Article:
Its diversity leads to two attitudes: the charm of the exotic and the fear of invasion. To overcome these two attitudes, both excessive and unjustified, it is necessary to understand China but above all to free oneself for a moment of one's own certainties and prejudices, accepting that there may be a point of view and a conception of man, nature, and the cosmos different from the own.
Although the Chinese economy is growing at surprising rates, the cultural substrate has remained largely unchanged despite the influx of Western culture over the last few centuries. Chinese society is still predominantly Confucian and Chinese citizens experience a conflict every day: the ambition to emancipate themselves towards a modern and Western lifestyle and the need to remain anchored to the rules imposed by a millenary tradition.
Of course, there are several manuals in the bookstore that guide the entrepreneur towards correct behavior when he is in front of his Chinese counterpart: the rules described will help him avoid faux pas and bring the ongoing business negotiation to a successful conclusion.
They will teach, for example, to avoid the number 4, whose Chinese pronunciation evokes death, and to prefer the number 8, which in Cantonese is pronounced like the verb “to grow” and therefore recalls prosperity; that it is not recommended to stick chopsticks in food and in particular in a bowl of rice because this is done with incense sticks in urns to remember the dead; that it is better not to give watches because they remember the time left to live, etc.
All these precautions are certainly useful, especially for those businessmen who do not have time to immerse themselves in Chinese culture, but they are not enough and do not help to fully understand Chinese thought. Instead, it is important to know the history of China and read the Chinese classics, which, before any other text, reveal the thought and modus operandi of the ancient Chinese, and are still alive and current today.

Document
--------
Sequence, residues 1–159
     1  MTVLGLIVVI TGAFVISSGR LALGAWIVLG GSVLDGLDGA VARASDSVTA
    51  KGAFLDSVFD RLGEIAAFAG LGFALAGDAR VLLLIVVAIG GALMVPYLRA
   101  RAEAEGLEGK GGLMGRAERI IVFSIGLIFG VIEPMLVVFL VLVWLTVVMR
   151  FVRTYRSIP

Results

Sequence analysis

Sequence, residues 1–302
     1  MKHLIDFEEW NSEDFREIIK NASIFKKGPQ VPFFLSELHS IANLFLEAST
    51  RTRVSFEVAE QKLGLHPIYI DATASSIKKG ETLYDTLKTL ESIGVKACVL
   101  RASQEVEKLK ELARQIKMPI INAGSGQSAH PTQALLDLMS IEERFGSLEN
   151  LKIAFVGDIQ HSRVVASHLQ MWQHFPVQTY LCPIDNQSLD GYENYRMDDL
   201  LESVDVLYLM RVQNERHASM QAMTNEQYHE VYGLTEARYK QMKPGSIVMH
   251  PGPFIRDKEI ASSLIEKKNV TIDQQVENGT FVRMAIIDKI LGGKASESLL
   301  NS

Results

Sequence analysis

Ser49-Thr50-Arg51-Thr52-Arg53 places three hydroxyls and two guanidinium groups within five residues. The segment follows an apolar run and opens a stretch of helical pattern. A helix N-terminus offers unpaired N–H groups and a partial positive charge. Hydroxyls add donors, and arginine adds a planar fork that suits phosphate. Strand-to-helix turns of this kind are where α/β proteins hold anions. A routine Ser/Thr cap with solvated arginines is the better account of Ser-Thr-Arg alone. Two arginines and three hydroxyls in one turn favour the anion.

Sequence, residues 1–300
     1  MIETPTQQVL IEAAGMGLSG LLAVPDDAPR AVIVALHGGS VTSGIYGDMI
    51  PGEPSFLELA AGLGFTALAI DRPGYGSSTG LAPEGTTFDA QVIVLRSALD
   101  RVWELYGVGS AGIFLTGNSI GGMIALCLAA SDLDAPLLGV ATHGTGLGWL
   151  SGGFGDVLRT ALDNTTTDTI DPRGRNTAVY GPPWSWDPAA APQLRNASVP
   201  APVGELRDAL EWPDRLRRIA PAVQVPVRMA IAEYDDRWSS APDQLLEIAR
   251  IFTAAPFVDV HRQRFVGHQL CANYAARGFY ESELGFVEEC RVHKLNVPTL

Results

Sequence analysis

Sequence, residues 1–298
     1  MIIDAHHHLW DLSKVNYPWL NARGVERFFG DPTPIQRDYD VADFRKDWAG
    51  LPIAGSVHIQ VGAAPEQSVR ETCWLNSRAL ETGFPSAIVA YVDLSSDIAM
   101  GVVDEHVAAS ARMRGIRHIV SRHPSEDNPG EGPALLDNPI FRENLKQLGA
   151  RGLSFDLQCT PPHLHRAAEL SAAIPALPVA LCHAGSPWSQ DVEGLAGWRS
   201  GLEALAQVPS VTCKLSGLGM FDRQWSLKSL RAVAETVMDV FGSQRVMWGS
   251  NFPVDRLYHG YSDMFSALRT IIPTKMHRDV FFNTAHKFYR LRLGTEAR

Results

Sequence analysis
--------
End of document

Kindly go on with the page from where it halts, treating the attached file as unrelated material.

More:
The revaluation of traditional culture today derives above all from the sense of belonging to one's own tradition, from the search for cultural identity that Chinese history and literature have always handed down, dynasty after dynasty, century after century. Today the re-evaluation of Confucius and traditional culture is not only made evident by the solemn declarations of political leaders, but also by the political strategies in progress.
The reference to traditional values, such as harmony and social hierarchies, reflects the concern to keep the people cohesive and to avoid popular uprisings and rebellions; on the other hand, in foreign policy, it responds to the ambition to promote the Chinese model as an alternative model to the Western one, where individual interest has prevailed and has taken precedence over the collective good. Chinese today think they have something to teach to the whole world: the Chinese government promotes Confucianism, Chinese language, and culture through the diffusion of the Confucius Institute, a cultural center similar to the German Goethe Institute or the US Cultural Program. China has not but ceased to be Confucian, although, over the course of history, Confucianism has experienced phases of decline and harsh criticism such as, recently, during the movement of May 4, 1919, when Confucianism was labelled "a poison left by feudalism ”, or during the cultural revolution (1966–1976), when it was outlawed because it was considered reactionary.
Today, those who will go to Beijing find the capital of the Celestial Empire immersed in an unstoppable industriousness, mass consumerism, a Western lifestyle that seems to leave no room for Chinese tradition. Yet, don’t be deceived by appearances. Consumers in China aren’t becoming western, they are increasingly modern and international, but they remain distinctly Chinese